Salted Butter and Sugar. Oh, and Some Flour too.
Sweet or savory? For me, it’s no question. I am a sweets person, with an incredible capacity for sugar, rarely reaching my max and hardly ever stopping before there is nothing but a sugar granule left on my plate. My dentist can’t believe that I still have all of my teeth left.
When I first discovered the Kouign Amann, the strange looking word that simply means “butter cake” in Breton, I knew that I had met my match. It was at Pierre Hermé’s boutique in Paris’ Saint Germain des Prés years back, when this small round pastry called out at me, distracting me from the rows of colorful macarons at which I was gazing. Sitting besides pains au chocolat and brioches, it resembled a typical French pastry, but one that had fallen into a deep vat of sugar and butter, and resurfaced as a perfect specimen of caramelization. On a bench just a few steps away at Place Saint-Sulpice, I carefully pulled away the crisp, buttery layers, my eyes growing larger and larger with every bite. The firm caramelized outer layers, the softer sweet pastry dough inside, nary an unsweetened spot to be found. The wonders of just butter, sugar, flour and salt! I knew that one day I would have to go to the source. Imagine, bakeries and pastry shops with windows filled with them, small individual cakes or larger ones for a dozen people to share; it was a dream.
I found myself staring into shop windows like these in Brittany (on France’s northwest coast) this past weekend. But I made sure to spend most of my time on the other side of those windows, namely at the counter with googley eyes and my finger ready to point out the most golden Kouign Amann of the bunch. On this particular trip, I was limited to those of Cancale and St. Malo (not a bad thing). Next time I hope to get to Douarnenez, the city in Finistère, where the cake (purportedly) has its origins. My favorite story, among the many tales, says that the Kouign Amann was invented around 1860, during a time when rations of flour were limited in France. Not so for butter, which was quite abundant at the time. Hence its wild proportions in the recipe.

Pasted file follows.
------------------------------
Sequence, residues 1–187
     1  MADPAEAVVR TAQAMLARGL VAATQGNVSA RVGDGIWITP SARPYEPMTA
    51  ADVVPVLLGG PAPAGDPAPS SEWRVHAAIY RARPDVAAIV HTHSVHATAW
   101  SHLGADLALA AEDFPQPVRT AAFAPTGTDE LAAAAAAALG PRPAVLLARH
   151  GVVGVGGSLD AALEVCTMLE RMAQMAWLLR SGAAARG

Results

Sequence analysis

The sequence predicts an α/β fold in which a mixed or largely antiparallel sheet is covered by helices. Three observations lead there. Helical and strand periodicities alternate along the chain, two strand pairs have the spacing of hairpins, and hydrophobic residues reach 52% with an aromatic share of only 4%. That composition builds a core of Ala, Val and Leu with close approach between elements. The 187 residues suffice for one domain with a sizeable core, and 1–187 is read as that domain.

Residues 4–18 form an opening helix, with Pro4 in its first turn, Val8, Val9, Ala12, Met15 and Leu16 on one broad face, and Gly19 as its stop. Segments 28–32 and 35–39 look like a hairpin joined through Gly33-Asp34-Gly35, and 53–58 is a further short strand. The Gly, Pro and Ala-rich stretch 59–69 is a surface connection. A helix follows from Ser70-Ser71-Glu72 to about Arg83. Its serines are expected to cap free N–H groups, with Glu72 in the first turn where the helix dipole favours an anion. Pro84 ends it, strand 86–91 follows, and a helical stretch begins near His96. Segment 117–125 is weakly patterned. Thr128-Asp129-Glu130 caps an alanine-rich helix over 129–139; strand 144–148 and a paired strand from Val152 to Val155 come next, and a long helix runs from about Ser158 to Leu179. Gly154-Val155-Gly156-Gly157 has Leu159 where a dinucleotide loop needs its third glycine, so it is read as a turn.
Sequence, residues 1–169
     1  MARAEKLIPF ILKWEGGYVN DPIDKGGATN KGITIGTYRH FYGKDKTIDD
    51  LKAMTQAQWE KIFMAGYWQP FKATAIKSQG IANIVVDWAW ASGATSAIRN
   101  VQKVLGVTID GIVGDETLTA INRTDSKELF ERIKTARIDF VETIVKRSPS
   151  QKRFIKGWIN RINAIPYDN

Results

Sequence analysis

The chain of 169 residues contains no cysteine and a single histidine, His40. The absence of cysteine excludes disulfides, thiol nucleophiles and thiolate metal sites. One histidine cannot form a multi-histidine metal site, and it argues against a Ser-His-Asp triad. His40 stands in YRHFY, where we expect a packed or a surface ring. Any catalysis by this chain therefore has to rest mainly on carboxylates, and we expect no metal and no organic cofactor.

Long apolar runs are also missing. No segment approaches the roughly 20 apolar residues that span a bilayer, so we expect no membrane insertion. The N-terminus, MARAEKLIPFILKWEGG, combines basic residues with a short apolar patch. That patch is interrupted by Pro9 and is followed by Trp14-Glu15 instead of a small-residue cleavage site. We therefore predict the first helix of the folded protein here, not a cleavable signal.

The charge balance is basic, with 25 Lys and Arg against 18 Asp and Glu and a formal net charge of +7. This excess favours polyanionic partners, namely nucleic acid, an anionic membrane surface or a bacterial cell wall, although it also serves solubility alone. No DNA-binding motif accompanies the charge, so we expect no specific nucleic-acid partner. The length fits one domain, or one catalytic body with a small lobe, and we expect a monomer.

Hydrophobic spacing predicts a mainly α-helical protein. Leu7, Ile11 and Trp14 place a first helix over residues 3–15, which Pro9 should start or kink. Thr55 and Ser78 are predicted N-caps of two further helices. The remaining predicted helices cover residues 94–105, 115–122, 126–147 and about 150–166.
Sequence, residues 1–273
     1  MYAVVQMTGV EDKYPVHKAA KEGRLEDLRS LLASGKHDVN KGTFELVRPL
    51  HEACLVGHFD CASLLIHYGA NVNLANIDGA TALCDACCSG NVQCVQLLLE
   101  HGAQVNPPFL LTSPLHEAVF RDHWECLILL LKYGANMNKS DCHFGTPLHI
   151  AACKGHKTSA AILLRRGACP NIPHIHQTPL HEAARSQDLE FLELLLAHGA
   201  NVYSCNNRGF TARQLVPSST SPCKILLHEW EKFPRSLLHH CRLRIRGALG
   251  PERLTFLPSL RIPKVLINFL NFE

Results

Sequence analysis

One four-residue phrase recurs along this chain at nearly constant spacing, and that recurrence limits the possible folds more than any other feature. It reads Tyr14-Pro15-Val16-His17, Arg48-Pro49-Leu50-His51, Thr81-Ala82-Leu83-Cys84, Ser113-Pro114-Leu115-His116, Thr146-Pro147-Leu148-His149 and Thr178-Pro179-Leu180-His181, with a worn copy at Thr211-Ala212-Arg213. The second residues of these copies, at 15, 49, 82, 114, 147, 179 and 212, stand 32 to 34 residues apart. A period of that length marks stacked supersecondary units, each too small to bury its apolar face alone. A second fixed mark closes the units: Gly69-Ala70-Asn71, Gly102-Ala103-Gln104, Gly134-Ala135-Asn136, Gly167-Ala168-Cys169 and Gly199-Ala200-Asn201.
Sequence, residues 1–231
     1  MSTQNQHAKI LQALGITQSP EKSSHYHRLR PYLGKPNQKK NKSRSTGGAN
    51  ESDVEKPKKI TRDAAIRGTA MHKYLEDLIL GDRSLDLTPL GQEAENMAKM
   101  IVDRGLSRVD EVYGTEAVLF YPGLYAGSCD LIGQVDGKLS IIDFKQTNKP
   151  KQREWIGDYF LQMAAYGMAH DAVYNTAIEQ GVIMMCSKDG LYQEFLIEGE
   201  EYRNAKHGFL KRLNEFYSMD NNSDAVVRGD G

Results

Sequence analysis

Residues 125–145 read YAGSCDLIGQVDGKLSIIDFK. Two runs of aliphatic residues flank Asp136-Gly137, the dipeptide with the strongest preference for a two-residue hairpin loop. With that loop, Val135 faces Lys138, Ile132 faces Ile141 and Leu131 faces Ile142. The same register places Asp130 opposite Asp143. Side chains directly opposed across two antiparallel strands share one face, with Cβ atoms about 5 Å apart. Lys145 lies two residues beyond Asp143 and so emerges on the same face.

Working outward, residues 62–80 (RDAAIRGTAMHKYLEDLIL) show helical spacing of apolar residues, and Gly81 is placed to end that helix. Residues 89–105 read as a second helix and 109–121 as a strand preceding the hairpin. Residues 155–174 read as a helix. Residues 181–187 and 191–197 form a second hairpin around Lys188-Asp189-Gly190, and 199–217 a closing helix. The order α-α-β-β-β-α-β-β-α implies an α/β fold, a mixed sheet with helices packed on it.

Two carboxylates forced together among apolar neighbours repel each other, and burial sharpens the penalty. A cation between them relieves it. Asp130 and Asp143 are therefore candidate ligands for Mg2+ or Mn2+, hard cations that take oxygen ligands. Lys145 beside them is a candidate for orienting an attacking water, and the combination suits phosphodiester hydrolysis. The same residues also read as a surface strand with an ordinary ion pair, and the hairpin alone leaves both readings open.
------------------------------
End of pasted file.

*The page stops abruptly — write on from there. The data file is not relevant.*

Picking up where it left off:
There is no shortage of Kouign Amann recipes on the internet, et surtout beaucoup plus en français qu?en anglais. David Lebovitz, with his love for all things from Brittany and especially this butter cake, has several mouthwatering posts on the subject, discussing yet another alleged place of origin, a quick recipe, plus a more thorough version with photos. The thought of being able to bake up one of my own is tantalizing. I’d use only the very best quality ingredients, some of the salted butter I brought back, pay careful attention to each important step along the way, and not complain that it could take an entire day. But I have to admit to being rather intimidated. There is an expression in French that applies directly to the Kouign Amann, “le fait qui veut, le réussit qui peut.” Basically, if you want to, you can make one. But that doesn’t necessarily mean you will make one successfully. This and the fact that my very close friend – a Breton himself, passionate food lover, gourmand by all means of the word, and a truly talented chef who sees no dish too ambitious to make at his home in Paris – never dared try his hand at it.
I’ll just have to start planning my next trip instead. And start deciding upon which individual Kouign Amann to savor first. Nature (plain, but by no means ordinary), cooked with apples in the dough, or topped with a dollop of Nutella. We should all have such difficult decisions in life.
Note: I had never seen Kouign Amann in any form other than the original. But in St. Malo, I found a bakery devoted to just Kouign Amann and Far Breton (a dense custard-like cake dotted with prunes), with three options for the former: original, apple and Nutella. The apples baked in the dough were not overpowering, and added a nice flavor and another layer of texture. They did make the dough a bit softer, losing some of its iconic sugary crunch, so that disqualifies it as my favorite. I am guessing that traditionalists would turn their noses at any adornments to such a simple delicacy, certainly the idea of adding a spoonful of creamy Nutella. But it was on the menu, not my idea… and it was truly divine. Especially when the cakes are a bit warm, just out of the oven, and the Nutella starts to melt ever so slightly. My advice, have plenty of napkins on hand.Les Délices du Gouverneur
12 rue Saint Vincent
35400 Saint Malo France
Aux Délices de la Houle 10 Quai Gambetta 35260 Cancale France